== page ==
Government announce Capital Gains Tax review – What does this mean for taxpayers?
28th July 2020
Stuart Coombe See profile
The Government have announced a review of Capital Gains Tax (CGT). Whilst these reviews are supposedly carried out regularly the timing is arguably curious and the sceptical among us may see this as a first step towards a ‘tax grab’ to pay for the support rightly given out to individuals and businesses during the pandemic.
The Chancellor’s request followed a report by the Office for Budget Responsibility that highlighted how the growing deficit in Government spending was likely to exceed £350 billion this year as the costs of protecting businesses and households during the pandemic continue to mount.
So, are there reasons to be fearful?
It doesn’t always follow that a review of taxes will always result in tax increases.
Let us not forget that in July last year, the Office for Tax Simplification (OTS), the independent adviser to the Government on simplifying the UK tax system published the results of its’ independent review of Inheritance Tax. This contained proposals for a far reaching and significant shakeup of the various Inheritance Tax allowances and reliefs which could have resulted in a significant increase in the amount of tax raised.
Many of those suggestions would have been relatively easy to implement yet were not acted upon at the time, but times have changed now. It’s widely acknowledged that taxes may need to be raised to help balance the books but what form this takes is pure conjecture at the moment.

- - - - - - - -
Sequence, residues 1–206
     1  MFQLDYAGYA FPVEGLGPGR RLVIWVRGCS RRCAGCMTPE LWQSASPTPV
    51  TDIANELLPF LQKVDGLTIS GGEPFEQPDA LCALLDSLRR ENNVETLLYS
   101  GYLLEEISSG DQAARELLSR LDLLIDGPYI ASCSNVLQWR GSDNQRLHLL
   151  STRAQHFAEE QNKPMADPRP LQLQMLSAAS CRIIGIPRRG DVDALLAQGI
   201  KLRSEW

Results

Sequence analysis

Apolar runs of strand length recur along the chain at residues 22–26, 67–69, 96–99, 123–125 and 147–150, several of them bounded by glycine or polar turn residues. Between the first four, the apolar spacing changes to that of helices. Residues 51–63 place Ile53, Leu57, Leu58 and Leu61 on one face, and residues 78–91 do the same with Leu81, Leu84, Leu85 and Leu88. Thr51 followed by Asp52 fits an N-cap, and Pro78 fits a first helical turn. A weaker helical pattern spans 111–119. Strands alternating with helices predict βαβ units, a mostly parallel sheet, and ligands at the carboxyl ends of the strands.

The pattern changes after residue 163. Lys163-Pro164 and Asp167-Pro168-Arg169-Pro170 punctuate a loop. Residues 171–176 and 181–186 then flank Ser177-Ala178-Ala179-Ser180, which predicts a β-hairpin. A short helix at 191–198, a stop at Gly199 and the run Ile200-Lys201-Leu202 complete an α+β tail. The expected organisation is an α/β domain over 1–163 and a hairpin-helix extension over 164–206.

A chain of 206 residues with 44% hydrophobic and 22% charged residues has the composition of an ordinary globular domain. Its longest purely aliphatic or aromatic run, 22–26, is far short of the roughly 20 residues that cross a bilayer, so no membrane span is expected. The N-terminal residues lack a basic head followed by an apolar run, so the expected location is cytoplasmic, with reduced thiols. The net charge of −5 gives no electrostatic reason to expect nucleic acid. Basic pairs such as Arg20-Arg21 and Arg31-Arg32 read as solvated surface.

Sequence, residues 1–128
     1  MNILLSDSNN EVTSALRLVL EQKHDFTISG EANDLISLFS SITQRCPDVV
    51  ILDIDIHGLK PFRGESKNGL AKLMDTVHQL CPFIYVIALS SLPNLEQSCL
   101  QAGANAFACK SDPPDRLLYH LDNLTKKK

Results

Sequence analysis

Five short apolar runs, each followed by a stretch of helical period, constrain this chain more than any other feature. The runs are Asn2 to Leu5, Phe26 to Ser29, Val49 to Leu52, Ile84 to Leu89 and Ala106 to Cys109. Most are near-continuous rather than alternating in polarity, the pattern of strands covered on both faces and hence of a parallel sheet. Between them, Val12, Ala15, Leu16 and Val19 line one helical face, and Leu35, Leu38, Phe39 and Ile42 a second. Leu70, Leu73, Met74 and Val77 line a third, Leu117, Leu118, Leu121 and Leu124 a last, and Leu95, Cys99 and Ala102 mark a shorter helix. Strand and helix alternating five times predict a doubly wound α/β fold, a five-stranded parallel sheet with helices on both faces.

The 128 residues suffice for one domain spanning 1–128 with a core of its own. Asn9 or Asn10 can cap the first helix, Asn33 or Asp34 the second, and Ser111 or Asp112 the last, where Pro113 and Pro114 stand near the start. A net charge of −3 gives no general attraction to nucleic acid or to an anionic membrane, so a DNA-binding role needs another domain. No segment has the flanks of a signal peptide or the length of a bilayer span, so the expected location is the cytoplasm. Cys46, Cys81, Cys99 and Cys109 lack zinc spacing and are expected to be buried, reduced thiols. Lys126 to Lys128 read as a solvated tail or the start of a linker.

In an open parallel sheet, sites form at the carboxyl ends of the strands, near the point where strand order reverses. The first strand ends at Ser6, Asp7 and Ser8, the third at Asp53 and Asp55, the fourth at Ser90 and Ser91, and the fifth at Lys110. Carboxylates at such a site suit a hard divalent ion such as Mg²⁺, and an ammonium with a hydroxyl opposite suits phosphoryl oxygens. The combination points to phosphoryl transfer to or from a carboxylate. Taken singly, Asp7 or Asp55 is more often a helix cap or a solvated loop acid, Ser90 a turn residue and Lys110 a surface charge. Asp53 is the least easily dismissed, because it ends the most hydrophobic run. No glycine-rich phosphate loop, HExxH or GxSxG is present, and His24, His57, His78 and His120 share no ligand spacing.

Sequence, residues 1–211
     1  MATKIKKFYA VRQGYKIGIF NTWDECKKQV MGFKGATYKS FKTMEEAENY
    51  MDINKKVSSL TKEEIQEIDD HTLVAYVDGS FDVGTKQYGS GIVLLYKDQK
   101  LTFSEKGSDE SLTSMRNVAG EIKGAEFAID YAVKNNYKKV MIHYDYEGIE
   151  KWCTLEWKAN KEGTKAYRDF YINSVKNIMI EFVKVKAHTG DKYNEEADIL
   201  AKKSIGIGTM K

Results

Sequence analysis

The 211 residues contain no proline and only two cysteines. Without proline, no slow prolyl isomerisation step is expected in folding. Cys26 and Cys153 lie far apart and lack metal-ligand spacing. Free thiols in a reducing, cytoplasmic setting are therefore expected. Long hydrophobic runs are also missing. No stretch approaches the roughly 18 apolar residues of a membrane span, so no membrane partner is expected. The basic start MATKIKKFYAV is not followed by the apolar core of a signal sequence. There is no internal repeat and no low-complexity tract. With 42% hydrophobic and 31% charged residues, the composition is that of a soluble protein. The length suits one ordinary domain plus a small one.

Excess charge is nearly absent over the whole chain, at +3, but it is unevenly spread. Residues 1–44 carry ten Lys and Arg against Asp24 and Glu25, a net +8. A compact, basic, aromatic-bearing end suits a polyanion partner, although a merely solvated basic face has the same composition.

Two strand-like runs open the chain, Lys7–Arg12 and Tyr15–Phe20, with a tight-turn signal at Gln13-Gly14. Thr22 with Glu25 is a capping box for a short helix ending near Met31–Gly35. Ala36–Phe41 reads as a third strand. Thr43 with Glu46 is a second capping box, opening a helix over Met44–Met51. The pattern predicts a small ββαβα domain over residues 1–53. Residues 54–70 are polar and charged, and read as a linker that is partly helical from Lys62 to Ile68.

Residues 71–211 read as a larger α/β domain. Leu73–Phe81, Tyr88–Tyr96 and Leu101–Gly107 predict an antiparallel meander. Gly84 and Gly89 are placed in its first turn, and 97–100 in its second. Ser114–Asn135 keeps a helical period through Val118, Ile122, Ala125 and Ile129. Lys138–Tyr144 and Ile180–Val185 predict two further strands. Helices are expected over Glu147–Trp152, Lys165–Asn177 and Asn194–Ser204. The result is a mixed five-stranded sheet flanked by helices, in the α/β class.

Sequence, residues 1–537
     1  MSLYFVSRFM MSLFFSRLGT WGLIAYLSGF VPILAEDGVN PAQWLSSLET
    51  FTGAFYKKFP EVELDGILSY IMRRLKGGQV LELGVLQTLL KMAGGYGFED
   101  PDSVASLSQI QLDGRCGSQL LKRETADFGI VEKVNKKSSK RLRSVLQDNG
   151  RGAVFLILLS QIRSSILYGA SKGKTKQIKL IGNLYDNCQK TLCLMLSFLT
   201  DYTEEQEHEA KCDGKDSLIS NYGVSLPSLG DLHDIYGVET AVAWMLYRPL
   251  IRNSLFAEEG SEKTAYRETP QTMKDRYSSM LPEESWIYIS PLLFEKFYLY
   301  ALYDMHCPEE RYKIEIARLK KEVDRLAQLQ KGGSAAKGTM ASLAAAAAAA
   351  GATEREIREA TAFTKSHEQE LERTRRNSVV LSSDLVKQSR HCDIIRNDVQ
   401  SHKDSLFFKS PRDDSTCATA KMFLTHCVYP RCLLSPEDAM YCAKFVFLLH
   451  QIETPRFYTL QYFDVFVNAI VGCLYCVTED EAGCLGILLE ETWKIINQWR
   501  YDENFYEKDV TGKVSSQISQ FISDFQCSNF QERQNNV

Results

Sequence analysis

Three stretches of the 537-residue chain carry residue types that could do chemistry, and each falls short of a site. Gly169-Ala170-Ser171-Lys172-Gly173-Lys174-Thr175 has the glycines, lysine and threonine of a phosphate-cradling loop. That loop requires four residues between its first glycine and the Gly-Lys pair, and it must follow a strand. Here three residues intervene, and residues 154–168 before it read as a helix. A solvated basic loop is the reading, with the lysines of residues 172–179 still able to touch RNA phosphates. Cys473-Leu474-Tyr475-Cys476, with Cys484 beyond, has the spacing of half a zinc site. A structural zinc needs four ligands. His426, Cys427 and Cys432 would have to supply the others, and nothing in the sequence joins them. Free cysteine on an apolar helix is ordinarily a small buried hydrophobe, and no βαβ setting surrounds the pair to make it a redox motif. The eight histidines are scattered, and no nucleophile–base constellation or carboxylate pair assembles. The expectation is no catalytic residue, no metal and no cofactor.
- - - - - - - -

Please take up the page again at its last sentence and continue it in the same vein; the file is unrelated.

Capital Gains Tax – Why will there be a Government review?
CGT is paid at a much lower rate than Income Tax and therefore seems an easy target. Higher rate taxpayers pay income tax at 40% whereas CGT is paid at a top rate of 20% (28% for gains arising from residential property disposals).
This discrepancy – plus the relatively generous annual exemption of £12,300 in the current tax year – would seem to indicate there would be some mileage in altering the rates.
However, the review will look at not just soundbites and any political goodwill from being seen to target wealthier individuals but whether an increase in CGT would actually result in increased revenues for the Treasury.
As our understanding of behavioural economics develops we can begin to see if rate changes make a significant difference given individuals behaviours tend to change.
What should taxpayers do?
As ever, when there is the threat of changes to legislation that may affect individuals’ wealth there’s a danger of taking steps now on things that may not come to pass. However, a pragmatic approach would be to take advantage of the situation as it now is as part of a wider financial plan.
For example, utilising your annual Individual Savings Account (ISA) allowance is something that we would typically advocate given that ISAs are free of Income and Capital Gains Tax. By utilising your allowance and therefore leaving more in this tax preferred environment could arguably protect against potential future CGT rate increases.
Additionally, it may be that plans to crystallise gains or losses – and losses can be carried forwards indefinitely – could conceivably be brought forwards to mitigate any adverse future changes to current legislation.
Of course, the best decision for you will very much depend on a review of your current personal and financial circumstances and an understanding of your road map for the future and how any plans fit in within this. Please contact us for more information or to arrange an initial consultation or review.